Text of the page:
There are also 130 units of off-site replacement housing in SHA’s plan, but these are not funded at this time. The plan proposes to partner with non-profit developers to build these units, with SHA paying a fraction of the costs. The rest of the funds would come from the state trust fund, state tax credit dollars, limited state bond cap, or city levy dollars. These are scarce public funds that should be used to expand our stock of low-income housing not for replacing existing low-income SHA units.

4. The HOPE VI Federal program may push Seattle residents out of the city

Another SHA memo states that at the SHA redevelopment of the Holly Park garden community, (see Urban Politics #17 and #37), “of the 240 people who chose Section 8 as their relocation option, 62% found housing in the City of Seattle.” Section 8 is a Federal assistance program using rent vouchers that allows the recipient to find an apartment anywhere.

Unfortunately, market rents in Seattle generally exceed HUD thresholds, the result being that HUD will not pay the landlord the full difference between the voucher and the market rent. With Seattle neighborhoods having a vacancy rate between 1 and 2 percent, renters with Section 8 vouchers already are having a hard time finding housing. Consequently many displaced Rainier Vista tenants will likely be pushed out of the city.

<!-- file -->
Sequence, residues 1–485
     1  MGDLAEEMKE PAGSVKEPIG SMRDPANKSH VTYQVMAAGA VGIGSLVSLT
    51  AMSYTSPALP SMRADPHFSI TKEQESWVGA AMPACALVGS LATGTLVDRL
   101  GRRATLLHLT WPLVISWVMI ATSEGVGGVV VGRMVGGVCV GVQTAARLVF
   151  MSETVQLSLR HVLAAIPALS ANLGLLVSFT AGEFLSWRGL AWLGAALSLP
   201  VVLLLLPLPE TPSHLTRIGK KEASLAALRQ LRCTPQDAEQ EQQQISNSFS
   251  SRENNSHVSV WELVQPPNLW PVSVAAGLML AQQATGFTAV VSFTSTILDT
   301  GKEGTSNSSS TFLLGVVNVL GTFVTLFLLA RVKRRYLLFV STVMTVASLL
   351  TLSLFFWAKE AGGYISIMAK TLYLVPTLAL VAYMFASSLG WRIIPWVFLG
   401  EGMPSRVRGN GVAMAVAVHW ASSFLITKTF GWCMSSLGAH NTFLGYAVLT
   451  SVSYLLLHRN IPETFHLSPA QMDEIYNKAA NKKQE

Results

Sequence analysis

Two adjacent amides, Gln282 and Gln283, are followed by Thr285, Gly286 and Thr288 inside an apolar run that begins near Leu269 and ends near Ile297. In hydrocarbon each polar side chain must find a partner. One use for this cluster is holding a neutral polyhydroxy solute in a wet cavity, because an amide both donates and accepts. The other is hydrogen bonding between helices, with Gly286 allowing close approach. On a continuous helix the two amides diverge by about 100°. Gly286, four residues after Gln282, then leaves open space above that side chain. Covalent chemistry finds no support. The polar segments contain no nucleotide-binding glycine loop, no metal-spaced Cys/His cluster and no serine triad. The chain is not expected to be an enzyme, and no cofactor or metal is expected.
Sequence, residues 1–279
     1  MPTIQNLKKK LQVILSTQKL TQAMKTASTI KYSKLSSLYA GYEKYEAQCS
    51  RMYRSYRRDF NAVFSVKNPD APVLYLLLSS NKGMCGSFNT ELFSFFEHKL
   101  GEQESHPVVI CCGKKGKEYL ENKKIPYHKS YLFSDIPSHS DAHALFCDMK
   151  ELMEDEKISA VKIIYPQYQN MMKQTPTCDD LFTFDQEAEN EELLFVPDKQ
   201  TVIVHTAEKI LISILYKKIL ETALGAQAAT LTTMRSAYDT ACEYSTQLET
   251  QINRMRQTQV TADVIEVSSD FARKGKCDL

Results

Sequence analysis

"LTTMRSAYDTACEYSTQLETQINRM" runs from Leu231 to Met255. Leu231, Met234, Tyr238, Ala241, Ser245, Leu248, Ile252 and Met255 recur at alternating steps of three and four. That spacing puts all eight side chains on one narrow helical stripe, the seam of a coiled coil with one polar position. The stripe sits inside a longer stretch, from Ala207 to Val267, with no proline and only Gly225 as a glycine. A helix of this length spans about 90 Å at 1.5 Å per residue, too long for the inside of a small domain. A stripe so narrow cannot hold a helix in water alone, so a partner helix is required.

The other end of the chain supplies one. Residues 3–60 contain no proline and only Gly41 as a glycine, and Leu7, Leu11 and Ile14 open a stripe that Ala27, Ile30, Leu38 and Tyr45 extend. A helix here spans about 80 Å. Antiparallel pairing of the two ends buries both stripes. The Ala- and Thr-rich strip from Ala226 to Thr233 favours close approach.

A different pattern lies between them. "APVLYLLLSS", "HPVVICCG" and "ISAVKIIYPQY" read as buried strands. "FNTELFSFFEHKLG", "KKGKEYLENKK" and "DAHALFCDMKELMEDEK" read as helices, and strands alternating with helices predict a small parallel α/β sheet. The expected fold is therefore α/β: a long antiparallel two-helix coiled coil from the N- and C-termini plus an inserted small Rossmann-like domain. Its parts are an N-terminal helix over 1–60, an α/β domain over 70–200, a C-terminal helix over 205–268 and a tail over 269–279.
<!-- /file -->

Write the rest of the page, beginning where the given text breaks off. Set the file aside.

I’m concerned that those who can’t find housing in Seattle will reconcentrate into suburban pockets of poverty, contradicting the HOPE VI goals of mixed-income communities. A National Housing Institute report on HOPE VI notes “in San Francisco many developments being demolished are predominately minority occupied, often in well-integrated, mixed income neighborhoods. When given a portable voucher, many choose to move to more heavily minority neighborhoods with lower median incomes – often in areas where they can afford to rent. An investigation by the Chicago Reporter cited similar findings in that city.”

5. Conclusion

The HOPE VI goals of integrating support services with public housing and developing mixed-income communities are laudable goals. Yet in the face of shrinking federal housing dollars, this program could have the unintended consequence of actually reducing the number of public housing units for the poorest segments of our community. The same National Housing Institute report cited above states that more than $3 billion dollars has been spent to “redevelop” 47,856 units of public housing. The result has been a loss of 23,000 public housing units, and of about 7,600 hard-units overall.

I am not only concerned about SHA’s Rainier Vista HOPE VI project. I also hope that HUD and Congress re-evaluate HOPE VI’s impact on Public Housing Authority’s throughout the nation. We need to determine two things: 1) if their ability to serve the poorest of the poor in communities has been curtailed with this program and 2) if federal funding might be more effectively spent were it used to renovate rather than demolish low income housing communities like Rainier Vista.